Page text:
Discussion in 'Action Alerts and Advocacy' started by Sparrow, Apr 3, 2014.
(On further reflection, never mind. Probably better to explore other options.)
I'm happy with CFS.
CFS clearly doesn't have to go. There is a huge amount of history behind it and it doesn't matter for me if ignorant people do not understand what it really is.
You've written a huge article with clearly good research backing it. Which is great. But do you not think it would be more worthwhile searching ways to treat/cure the disease rather than renaming it?
I apologize for my wording there. You're right. Not everyone agrees that CFS needs changing, which is part of why there is so much conflict around this issue. In retrospect I would have chosen my wording differently there. I myself used to share your view, though I've since changed my mind.
But a huge number of people feel passionately that it DOES need changing, and those people are not likely to change their minds. Changing the name is something that the IOM committee, many of our expert physicians, and a number of patient advocacy organizations already seem committed to as a high priority item. So it seems unlikely that's going to be abandoned.
I'm with you in that I think the less time spent at this step the better. But it seems to me that if a large group is pushing for a renaming, then the fastest way to get past that and on to other things is not to fight the change. It's to to find something we could all live with and drop the argument as quickly as possible.
There will have to be compromise on this. With that much division, both sides cannot have their way, and if we don't find some acceptable ground, we all lose out because the focus continues to be on arguing about what to name it or not to name it or whether to change the name at all rather than facing those other critical issues you mentioned.
Is it vital enough to you that the name doesn't change that it would be worth delaying progress to make sure it didn't? Or could you live with a different name if that meant we could move on to other things?
Well, there's the problem that the powers that be have decided not to name illnesses after people anymore. It doesn't add clarity to the nature of the illness and tends to cause more confusion than understanding. And it causes fights among scientists and advocates about who is worthy of the "honor" of having something named after them. This is actually true across all science now -- we name things for what they are, not after people. Hennessy's Disease simply won't fly.
That isn't to say we don't need a better name. That's a given, as far as I'm concerned.
@Sparrow I agree with most of the points you made. But ... I don't think Hennesey's Disease is the right name. I do agree that using a person's name is the best approach. I also agree that naming it after Florence Nightingale is not a good idea for the reasons you mentioned.
As much as I admired and respected Tom Hennesey, I don't think he is the person who should be chosen.
My reasons are:
1. medical professionals are more likely to respond more positively if it were named after a doctor (one of their own). We all know what huge egos so many of them have. And a patient advocate. Horrors!! We don't like those. Lowly patients trying to educate us, the mighty gods of medicine. (eg Simon Wessley)
2. In most cases, when a disease is named after a patient, the patient has been a "famous" person. By this I mean star athlete, movie star ... Someone whom most people have heard of. eg. Lou Gherhig (baseball)
3. Unfortunately the way he passed will get in the way. It is heartbreaking, and it should not matter but it will. When doctors, media etc want to know who this person was, they will learn the nature of his passing. Since we have a large group trying to stick the psychiatric label on this illness, this would be a gift to them.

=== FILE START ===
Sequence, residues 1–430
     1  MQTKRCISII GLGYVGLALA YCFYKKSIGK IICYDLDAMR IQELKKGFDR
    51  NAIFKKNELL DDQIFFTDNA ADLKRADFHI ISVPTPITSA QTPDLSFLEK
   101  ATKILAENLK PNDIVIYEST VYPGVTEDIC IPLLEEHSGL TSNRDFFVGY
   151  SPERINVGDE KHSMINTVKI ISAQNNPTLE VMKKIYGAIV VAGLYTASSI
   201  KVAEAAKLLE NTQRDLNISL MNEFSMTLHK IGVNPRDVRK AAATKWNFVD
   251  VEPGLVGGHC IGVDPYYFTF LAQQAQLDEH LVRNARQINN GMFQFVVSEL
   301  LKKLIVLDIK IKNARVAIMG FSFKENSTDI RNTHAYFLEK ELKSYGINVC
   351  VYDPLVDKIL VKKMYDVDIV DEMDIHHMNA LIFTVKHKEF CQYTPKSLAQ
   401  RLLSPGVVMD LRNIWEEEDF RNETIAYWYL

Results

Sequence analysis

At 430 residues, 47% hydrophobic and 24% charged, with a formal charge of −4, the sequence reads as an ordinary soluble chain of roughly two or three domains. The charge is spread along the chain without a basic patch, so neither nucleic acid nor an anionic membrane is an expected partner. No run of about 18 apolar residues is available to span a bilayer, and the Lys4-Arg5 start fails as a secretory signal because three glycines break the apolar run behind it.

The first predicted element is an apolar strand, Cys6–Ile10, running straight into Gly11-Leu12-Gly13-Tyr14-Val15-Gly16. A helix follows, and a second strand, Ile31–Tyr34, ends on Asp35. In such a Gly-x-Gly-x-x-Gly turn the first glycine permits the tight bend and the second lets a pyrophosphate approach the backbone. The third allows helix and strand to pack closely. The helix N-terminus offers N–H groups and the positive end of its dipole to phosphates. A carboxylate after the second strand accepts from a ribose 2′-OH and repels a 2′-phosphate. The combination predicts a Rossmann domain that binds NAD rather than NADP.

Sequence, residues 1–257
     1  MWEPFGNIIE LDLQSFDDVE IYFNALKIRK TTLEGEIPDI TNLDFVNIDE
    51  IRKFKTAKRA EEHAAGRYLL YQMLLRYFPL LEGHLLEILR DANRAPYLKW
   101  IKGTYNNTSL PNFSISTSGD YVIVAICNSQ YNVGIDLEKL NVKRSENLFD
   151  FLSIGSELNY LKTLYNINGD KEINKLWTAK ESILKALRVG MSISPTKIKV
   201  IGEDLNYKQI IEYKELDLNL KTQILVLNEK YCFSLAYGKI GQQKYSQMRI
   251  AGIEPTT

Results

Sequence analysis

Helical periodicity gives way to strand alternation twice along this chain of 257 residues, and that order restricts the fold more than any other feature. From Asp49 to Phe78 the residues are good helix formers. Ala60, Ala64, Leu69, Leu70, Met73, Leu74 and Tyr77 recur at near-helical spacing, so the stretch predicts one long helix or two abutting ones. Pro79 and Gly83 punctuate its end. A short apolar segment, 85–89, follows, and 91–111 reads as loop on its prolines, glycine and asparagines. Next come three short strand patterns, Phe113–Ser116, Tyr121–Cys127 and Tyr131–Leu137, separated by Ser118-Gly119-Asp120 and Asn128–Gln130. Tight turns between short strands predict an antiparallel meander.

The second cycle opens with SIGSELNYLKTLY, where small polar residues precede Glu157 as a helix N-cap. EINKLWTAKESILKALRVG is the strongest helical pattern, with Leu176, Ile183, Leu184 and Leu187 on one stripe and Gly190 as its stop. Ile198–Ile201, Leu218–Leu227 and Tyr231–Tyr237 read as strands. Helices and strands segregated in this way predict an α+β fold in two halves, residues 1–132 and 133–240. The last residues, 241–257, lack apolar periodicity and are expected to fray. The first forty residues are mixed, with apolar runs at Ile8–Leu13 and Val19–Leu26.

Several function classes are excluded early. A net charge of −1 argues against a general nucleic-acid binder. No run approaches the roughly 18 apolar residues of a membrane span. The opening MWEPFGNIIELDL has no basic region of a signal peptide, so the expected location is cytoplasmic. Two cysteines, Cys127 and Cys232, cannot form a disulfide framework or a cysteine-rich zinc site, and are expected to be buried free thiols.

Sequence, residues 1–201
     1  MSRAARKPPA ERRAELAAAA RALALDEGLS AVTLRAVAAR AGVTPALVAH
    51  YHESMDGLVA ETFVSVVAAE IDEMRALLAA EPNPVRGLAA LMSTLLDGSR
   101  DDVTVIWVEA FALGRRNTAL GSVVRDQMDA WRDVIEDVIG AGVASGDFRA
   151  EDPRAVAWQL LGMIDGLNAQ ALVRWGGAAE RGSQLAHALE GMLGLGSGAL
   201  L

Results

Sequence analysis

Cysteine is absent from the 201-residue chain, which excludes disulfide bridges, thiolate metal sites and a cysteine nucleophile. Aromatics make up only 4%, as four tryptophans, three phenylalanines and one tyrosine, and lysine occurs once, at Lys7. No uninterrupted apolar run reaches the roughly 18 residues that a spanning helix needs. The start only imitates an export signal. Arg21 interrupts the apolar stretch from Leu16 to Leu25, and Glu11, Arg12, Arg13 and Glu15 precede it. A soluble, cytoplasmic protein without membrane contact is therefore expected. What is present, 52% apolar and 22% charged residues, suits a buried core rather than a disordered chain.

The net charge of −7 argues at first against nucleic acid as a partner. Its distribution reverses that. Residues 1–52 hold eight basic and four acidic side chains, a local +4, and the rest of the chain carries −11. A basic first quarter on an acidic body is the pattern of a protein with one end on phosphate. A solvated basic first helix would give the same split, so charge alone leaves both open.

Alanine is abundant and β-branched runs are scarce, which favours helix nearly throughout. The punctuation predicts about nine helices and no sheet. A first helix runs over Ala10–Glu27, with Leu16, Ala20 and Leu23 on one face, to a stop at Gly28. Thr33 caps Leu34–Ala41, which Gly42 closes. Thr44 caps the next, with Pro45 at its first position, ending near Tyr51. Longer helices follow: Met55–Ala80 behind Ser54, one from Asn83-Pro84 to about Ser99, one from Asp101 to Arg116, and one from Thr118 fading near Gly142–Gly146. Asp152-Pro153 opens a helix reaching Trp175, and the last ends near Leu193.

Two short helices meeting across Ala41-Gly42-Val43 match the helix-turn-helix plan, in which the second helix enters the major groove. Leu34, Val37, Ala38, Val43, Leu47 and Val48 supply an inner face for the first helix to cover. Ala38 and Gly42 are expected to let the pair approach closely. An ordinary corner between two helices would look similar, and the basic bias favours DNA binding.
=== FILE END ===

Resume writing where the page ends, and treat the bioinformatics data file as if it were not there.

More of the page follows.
4. Even if point 3 were not an issue, he is unknown except to other patients. The result would be:
Patient: I have Hennesey's Disease. It was named after Tom Hennesey.
Public: Who's that? Oh, a regular person. Who cares. Immediate disinterest.
I think the person most suited for the naming honours would be Dr. Melvin Ramsay. He is was a doctor. He was not involved in psychiatry or anything outside of mainstream medicine. He was one of the first to really not only work on the illness but to really describe it in medical detail. And did he not publish about the illness? He also laid out clearly what he thought the illness was.
And he is not from the United States. My apologies to you Americans, but we are dealing with a US government institution here. Sell them on the idea of naming it after a person and they be fighting over which of "their" people to name it after. Stephen Strauss perhaps?? This is a worldwide illness and the American health bureaucracy has made a mess ever since it stuck its nose in.
Dr. Ramsay has also sadly passed away. We don't want people trying to look at doctors/researchers who are still living and trying to get their favorite in. I envision a nasty, political, backroom election campaign and a lot of hurt feelings and resentment and anger. Don't want to go there.
Therefore, I vote for Ramsay's Disease.
Drat. Unfortunately, with the state of knowledge on our illness, it seems like that lack of clarity would be a benefit for us going forward rather than a disadvantage.
We don't need to keep discussing this option if it's clearly not workable. It just saddens me that all we seem to have on the table is CFS (which many people find unacceptable) and ME (which many other people find unacceptable).
And at the same time, all any of us really want is to get past the name thing already.
Ah well. I guess I'll cast my vote in with the M.E. crowd then, unless we're given a better third option to work with. Maybe someone will table something relating the specifics of our two day exercise difficulties. If we have to be defined by a symptom, it would be nice if it was one that made it clearly obvious that we can't overexert without severe issues. If there was one thing I would want doctors to have forefront in their minds when they're learning to handle patients with this illness, that might be it.
I think it is very clear we need a name change. If I were solely in charge of deciding it (king for a day) I would probably go with Ramsey's Disease. Peterson/Cheney Disease and M.E. would be good too.
I am going to strongly vote for ME though because I don't think we can afford to have another debate about what the best name is and all 'vote' on it and then have people disagree and go off on their own with their own pet name. I think we 'have to' go with ME simply because there is momentum behind it. We are weak and it takes a lot of strength and time to build up momentum. We have built up momentum behind ME, so I think we need to just keep pushing it through instead of 'changing horses midstream.'
I have also come to the (related) conclusion that the only way we are going to get anywhere is to try to agree as much as possible on positions and present a very united front and I think almost all of us can agree that ME is an acceptable name (in part because it has momentum behind it, as well as on the merits).